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The words “you belong” were among the opening remarks shared at the first annual, first-of-its-kind retreat to bring about further healing, relationship, and empowerment to those who have survived an abortion. For Melissa Ohden, founder of The Abortion Survivors Network and retreat host, the weekend among the serene and beautiful landscape of a Texan ranch almost never was. A casualty of changed plans from the pandemic? Sure, that delay happened. But, more so, it almost never was because each attendee almost never came to breathe his or her first breath.
Abortion survivors are born into unacknowledged, unvalidated, and understated adversity. Forty-four years ago, Melissa Ohden spent her last five days in the womb soaking in a toxic solution meant to kill her before spontaneously being born. In response to being born alive, Melissa was nearly stuffed in a closet to gasp her final breaths in solitude before a rebellious nurse intervened to take lifesaving measures. To that traumatic experience and others like hers, the world often replies coldly that such occurrences are “a thing of the past” used only as political fodder to threaten legalized abortion.
Many abortion survivors who share their stories are met with blank stares and some receive shame-inducing looks of disgust at the fact that they lived. Survivors are told to get over it, as if “it” (trauma) is a choice. These reactions are not isolated to one-off conversations. They exist in the public forum, and are spoken by pro-choice politicians and leaders, to such an extent that survivors are effectively silenced.
The Abortion Survivors Network has stood against the pro-choice tide as a united voice of survivors, some known and many not, defending and seeking others like its own. Once founder Ohden answered God’s call to a vocation serving survivors, she began finding them all around the world. It is a mission rooted in changing hearts to hear the truth of abortion survivors and meet them with radical acceptance, care, healing and even advocacy.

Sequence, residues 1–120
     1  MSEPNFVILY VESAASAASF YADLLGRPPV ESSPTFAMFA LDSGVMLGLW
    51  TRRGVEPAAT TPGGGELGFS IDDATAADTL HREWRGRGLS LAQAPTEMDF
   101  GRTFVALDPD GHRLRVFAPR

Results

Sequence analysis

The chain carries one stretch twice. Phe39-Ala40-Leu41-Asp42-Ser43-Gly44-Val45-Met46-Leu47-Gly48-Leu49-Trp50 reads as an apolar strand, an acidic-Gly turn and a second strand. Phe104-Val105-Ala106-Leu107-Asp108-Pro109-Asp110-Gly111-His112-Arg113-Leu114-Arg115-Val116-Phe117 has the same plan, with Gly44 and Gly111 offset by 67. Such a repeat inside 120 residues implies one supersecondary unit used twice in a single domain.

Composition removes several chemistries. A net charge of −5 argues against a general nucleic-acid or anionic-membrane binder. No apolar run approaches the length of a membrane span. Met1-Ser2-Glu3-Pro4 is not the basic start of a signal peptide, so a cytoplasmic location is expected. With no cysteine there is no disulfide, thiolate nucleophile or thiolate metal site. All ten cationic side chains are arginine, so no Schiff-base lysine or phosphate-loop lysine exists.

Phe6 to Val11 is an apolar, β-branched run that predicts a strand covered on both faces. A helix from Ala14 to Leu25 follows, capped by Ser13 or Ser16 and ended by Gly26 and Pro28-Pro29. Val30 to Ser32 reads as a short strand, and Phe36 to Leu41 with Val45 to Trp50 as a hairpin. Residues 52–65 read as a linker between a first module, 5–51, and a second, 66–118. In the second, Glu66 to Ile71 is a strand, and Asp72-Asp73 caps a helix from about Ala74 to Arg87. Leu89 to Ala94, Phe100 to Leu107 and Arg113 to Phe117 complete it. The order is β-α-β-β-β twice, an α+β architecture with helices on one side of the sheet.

Dr. James Gordon of Georgetown Medical School shared in a recent article that he has seen “trauma survivors develop heart disease, autoimmune disorders and digestive problems they might not have gotten otherwise. Plus, people who live through a distressing ordeal are more likely to abuse drugs or alcohol, suffer from an eating disorder or even die by suicide. All this is because trauma has a powerful impact on the nervous system.” Survivors testified to similar adverse effects throughout the retreat — from feelings of rejection and isolation, experience with trauma-induced mental health issues and diagnosed medical conditions like chronic pain and chronic fatigue, and even physical scars from abortion instruments.
In reflecting on the weekend, survivor Denisha said, “Sitting in a room full of people I just met, I have never felt more like I belonged. I am not alone in my struggles, there was a whole room that echoed, ‘me too.’ That was healing for me.” Survivors at the retreat ranged from ages 41-76 — their lives nearly ended by abortion both before it was legalized and after. Some have birth certificates; others have only an acknowledgement of a live birth with a year. There were survivors of saline abortions, surgical abortions (dilation & curettage), vacuum aspiration abortions, pre-term induction and more. At-home abortion attempts mingled with those in medical facilities. Singleton births met twin survivors.
Further healing took place beyond the existence of shared experience, but with the intentionality of a retreat designed with the training of Ohden’s Master’s degree in Social Work around topics of forgiveness, identity, and coping skills with trauma. A history of abortion survivors, incidence of failed abortions, and a profile of the known abortion surviving community was presented alongside information on generational trauma and the generational cycle of abortion. Karen, a 76-year-old survivor, reflected that the retreat “was a safe place to share our stories for healing to take place” and added gratitude for the “camaraderie, mutual love and connection” felt.
A sense of belonging is a prized possession to an abortion survivor. The 17 participants gathered in Texas affectionately donned t-shirts carrying the long overdue message, “You belong,” featuring an abstract heart. Retreat participants prayed for each other, the unborn, family, and our culture, that every human being born and unborn would be seen as “more than a choice.” Over the past year, 10 abortion survivors completed the Abortion Survivor Network’s healing curriculum and were celebrated on retreat. Survivors crafted 100 letters of encouragement to other survivors known across the network. Six abortion survivors completed speaker training, helping them to find their voices and to join the Abortion Survivors Network Speaker’s Bureau who are often called upon to engage with media and provide expert testimony.
Abortion survivors live in a world that celebrates and normalizes the act that was meant to end their lives – abortion. The hardships they have survived are met with rejection, like their life began. But each deserves to be equipped with the community, skills, and education found only at The Abortion Survivors Network where they can receive specialized peer-to-peer support, healing groups, retreats and advocacy. To learn more, visit The Abortion Survivors Network online, on Facebook, or on Instagram.
Editor’s Note: This article was written by Kylee Heap of Pro-Love Ministries.
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